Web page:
Bankrupt San Bernardino is Rich in the Arts

To Advance Its Revival and Change the Narrative, the City Should Invest in Creativity

The arts could help revive San Bernardino—its streets, businesses, neighborhoods, and urban core—by encouraging visitors, sparking new development, and giving the city new narratives.

That was the conclusion of a panel of local arts and civic leaders at a “Living the Arts” event co-presented by the James Irvine Foundation at the new San Bernardino Garcia Center for the Arts, which opened in an old water district building just three days ago. The new venue has inspired a sense of possibility about the city’s arts scene that shaped the conversation.

San Bernardino Sun reporter Michel Nolan, the event moderator, said the city is experiencing a “creative revival.” Panelists said that revival includes more cooperation between arts groups, schools, and artists, a stronger city arts commission, and greater participation in arts projects by young people (especially via a group called Generation Now). It’s also reflected in the work of photographer Tom McGovern to capture San Bernardino and its people, which has been displayed in local storefronts, some of them abandoned.

San Bernardino’s city government is still in bankruptcy and the city has been the subject of recent L.A. Times coverage about its poverty. But the event was rich in conversation about specific ideas for boosting San Bernardino and its arts.

Ernie Garcia, a retired education school dean at California State University San Bernardino and a leader in creating the new arts center, praised the city’s progress, but said there was much more work to do.

He said the city’s fine arts commission requires greater clarity in its accounts and how it spends money. He also said San Bernardino needs to create opportunities so the creative people who attend its schools and universities can make a living in the arts here.

And, to applause from an appreciative audience that filled the room, Garcia suggested that local investors could acquire dilapidated buildings between the original McDonald’s (a landmark and tourist draw) and the new arts center, and turn those buildings over to local artists—creating an arts corridor of sorts. He said that Paducah, Kentucky, had done something similar with its LowerTown Arts District. And he suggested capitalizing on San Bernardino’s base of skilled woodworkers—noting that the arts center’s beautiful ceiling wood beams had been made locally—to develop new woodworking art forms that could define the city artistically.

But those were just a few of his ideas. “We need you,” he added. “We need your ideas.”

Valerie Peister, the director of community engagement for the Redlands Community Music Association, who previously worked for the San Bernardino Symphony, said that San Bernardino should prioritize access to the arts, as the symphony has done in the past through ticket scholarships and its Mosaico Arts and Music Festival.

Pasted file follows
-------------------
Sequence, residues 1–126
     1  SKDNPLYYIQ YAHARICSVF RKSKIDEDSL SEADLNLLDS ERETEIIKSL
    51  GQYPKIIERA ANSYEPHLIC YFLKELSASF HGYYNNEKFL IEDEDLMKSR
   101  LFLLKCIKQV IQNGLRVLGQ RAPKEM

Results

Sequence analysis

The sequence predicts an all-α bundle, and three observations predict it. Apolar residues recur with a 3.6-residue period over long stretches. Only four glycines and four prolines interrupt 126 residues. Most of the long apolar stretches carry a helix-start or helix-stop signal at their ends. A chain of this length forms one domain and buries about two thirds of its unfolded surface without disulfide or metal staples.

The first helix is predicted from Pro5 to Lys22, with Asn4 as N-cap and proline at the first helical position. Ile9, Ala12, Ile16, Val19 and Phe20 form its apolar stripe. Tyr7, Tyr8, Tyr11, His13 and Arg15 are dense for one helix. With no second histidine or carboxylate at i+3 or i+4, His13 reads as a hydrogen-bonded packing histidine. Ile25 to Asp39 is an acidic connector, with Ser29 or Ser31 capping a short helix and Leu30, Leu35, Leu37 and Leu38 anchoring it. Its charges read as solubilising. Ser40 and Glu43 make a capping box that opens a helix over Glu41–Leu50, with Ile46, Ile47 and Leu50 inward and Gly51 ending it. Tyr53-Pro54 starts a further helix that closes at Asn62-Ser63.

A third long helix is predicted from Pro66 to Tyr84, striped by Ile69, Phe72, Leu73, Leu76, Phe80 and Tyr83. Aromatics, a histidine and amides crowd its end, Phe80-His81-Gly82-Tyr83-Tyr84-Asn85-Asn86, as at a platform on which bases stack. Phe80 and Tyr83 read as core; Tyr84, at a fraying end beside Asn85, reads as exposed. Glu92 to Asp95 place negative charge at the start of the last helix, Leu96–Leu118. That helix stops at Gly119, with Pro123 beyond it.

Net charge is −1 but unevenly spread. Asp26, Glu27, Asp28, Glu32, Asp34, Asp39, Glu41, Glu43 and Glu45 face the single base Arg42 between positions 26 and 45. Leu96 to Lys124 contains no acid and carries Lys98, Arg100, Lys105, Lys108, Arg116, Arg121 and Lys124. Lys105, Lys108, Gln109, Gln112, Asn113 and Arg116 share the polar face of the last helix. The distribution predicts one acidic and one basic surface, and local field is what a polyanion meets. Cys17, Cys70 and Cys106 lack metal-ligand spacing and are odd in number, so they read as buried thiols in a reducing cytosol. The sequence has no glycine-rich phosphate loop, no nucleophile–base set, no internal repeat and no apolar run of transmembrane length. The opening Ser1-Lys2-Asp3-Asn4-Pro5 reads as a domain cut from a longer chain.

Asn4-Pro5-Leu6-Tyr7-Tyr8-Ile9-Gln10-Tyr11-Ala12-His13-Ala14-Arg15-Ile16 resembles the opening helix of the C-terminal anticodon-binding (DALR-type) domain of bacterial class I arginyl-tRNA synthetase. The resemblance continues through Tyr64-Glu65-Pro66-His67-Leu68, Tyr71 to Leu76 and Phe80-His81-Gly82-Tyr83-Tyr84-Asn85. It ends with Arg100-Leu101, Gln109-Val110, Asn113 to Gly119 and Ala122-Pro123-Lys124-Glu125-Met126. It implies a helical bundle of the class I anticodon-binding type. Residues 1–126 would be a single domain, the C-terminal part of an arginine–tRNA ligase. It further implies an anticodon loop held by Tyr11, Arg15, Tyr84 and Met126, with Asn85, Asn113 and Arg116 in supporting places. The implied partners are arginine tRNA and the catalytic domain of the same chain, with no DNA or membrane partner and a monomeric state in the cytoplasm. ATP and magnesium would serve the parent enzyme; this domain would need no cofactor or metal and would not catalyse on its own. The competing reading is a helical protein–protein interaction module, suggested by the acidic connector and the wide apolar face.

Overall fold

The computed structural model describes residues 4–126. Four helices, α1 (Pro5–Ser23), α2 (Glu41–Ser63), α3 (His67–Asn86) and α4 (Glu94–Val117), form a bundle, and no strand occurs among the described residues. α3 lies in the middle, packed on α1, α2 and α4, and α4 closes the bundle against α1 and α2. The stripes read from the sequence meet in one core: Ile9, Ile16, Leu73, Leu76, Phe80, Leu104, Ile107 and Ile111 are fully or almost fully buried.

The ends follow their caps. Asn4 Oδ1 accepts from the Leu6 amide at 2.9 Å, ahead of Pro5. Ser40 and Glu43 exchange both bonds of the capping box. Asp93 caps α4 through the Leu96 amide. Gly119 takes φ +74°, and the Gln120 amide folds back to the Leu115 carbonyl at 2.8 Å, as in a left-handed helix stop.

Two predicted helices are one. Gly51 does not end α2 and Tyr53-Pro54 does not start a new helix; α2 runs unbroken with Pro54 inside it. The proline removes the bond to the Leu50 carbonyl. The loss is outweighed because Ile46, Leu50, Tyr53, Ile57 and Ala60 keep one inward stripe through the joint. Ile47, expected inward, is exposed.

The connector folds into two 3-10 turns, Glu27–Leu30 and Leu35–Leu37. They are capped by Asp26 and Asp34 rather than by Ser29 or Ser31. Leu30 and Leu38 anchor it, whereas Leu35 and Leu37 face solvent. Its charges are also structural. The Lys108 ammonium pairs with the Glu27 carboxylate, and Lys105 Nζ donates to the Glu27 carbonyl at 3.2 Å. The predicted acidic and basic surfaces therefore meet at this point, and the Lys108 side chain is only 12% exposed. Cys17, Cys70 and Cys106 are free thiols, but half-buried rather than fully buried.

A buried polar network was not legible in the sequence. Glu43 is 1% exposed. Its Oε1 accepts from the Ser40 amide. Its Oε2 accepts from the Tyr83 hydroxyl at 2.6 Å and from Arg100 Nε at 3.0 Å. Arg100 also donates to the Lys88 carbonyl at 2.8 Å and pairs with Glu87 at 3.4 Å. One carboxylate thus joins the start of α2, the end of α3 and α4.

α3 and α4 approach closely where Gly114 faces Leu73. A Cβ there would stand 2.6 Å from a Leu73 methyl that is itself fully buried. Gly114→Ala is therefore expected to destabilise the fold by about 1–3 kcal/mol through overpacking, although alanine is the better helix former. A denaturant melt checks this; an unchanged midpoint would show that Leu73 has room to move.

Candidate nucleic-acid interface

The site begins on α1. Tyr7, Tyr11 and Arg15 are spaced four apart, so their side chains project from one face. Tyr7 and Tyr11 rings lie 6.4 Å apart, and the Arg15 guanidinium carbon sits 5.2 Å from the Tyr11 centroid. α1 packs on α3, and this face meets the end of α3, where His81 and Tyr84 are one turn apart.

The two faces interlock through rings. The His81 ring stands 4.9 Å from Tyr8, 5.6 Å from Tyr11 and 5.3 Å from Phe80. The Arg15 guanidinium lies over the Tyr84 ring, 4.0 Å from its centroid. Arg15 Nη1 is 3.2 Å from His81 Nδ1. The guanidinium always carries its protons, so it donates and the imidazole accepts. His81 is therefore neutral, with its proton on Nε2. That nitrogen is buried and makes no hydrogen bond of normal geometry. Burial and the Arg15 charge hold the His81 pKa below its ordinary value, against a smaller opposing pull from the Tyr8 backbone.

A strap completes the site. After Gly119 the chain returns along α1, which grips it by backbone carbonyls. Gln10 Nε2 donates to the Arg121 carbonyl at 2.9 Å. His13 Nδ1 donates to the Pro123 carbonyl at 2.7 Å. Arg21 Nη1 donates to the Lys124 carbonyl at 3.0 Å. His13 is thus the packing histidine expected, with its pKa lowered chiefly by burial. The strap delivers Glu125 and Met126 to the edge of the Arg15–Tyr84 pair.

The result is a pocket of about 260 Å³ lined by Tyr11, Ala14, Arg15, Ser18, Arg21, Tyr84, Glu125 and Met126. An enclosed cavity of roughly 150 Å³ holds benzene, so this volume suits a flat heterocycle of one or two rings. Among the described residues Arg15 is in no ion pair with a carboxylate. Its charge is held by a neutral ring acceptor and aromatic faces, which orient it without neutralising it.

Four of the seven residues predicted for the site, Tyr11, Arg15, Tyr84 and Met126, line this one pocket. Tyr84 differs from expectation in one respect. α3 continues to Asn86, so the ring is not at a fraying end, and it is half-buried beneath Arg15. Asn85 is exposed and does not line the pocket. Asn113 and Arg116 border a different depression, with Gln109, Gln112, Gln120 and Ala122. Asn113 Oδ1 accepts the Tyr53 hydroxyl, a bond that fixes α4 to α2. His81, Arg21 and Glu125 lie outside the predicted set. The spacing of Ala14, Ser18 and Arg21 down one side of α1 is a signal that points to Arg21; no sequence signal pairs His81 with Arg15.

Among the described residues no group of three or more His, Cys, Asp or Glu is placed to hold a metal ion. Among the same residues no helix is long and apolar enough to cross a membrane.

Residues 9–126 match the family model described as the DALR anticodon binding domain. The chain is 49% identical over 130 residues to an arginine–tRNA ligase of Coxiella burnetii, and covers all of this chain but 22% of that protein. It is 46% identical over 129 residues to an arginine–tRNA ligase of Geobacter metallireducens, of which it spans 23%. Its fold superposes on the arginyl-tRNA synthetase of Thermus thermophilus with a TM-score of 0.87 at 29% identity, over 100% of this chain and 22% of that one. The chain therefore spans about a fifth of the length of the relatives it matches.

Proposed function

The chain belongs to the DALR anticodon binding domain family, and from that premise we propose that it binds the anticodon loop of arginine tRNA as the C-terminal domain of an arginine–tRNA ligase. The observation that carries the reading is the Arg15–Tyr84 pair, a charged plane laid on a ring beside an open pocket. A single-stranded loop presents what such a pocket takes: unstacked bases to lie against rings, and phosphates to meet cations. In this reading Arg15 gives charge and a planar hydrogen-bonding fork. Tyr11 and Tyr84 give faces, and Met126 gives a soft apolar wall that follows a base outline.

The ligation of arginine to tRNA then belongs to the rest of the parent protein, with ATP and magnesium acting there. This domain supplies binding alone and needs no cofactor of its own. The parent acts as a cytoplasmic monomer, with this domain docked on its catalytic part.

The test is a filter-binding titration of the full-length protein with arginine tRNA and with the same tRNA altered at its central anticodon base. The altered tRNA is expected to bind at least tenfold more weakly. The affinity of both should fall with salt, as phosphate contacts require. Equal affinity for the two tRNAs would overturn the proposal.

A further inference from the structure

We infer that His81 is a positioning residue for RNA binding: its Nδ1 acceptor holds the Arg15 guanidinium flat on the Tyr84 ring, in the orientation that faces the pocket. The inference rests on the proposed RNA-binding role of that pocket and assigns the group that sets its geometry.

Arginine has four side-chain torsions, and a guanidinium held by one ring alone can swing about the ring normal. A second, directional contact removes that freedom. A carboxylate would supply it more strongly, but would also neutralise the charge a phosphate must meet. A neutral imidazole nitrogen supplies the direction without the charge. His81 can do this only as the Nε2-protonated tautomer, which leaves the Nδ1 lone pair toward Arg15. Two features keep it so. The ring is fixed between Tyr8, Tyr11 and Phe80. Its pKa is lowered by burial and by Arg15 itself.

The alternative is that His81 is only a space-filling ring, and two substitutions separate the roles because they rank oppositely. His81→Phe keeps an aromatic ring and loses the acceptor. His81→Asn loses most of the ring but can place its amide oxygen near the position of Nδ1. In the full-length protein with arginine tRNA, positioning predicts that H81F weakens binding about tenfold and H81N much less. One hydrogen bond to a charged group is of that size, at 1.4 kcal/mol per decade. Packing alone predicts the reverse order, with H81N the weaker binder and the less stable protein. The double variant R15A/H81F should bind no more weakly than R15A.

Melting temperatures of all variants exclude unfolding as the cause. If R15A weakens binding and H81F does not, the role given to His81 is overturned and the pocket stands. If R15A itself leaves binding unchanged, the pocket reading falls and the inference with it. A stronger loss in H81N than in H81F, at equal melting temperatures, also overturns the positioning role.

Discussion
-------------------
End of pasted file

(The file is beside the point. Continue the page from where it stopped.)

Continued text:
Peister said the Mosaico festival had been successful in part because its organizers held community conversations to gather ideas and collaborated broadly across arts fields. “The groups that were part of the conversations then became part of the events,” she said.

In response to a question from Nolan about arts efforts in other cities worth emulating, she suggested that San Bernardino offer outdoor concerts and performances with no admission charges, as in nearby communities like Redlands and Fontana. “There’s something about the arts in a community that sparks the human spirit,” she said.

Juan Delgado, a poet who is a professor and interim provost at California State University, San Bernardino, said the city needs to give more recognition to artists and arts-minded people who have kept the arts alive in the city, particularly through murals and street art. He also said that, after years of funding cuts, local schools have started to offer more arts at various levels of education.

“We know that if children are exposed to the arts early and often, they’re going to be arts lovers,” he said. “I think there’s a movement toward that.”

Delgado suggested that the arts could provide new stories and narratives for the city, to counter its reputation. “Who we are has been appropriated by the media, appropriated by the L.A. Times,” he said. “I think some of our stories are being re-appropriated through our arts and our music and our dance.”

Delgado said that, on a recent visit to Scotland, he’d encountered an arts festival in which corporations, bars, grocery stores, and other local businesses sponsored a local artist for a week; he’d like to bring the idea to San Bernardino. “Could you imagine if we asked some of our store owners?” he said.

During the question-and-answer session, audience members enthusiastically thanked those who had started the new arts center. And panelists and audience members exchanged ideas for how to get more funding for the arts—from foundations, businesses, real estate investors, and the city government as it emerges from bankruptcy.

One of the audience members, who identified himself as Cesar Gomez, asked, “Do we have any grant writers in the house?”


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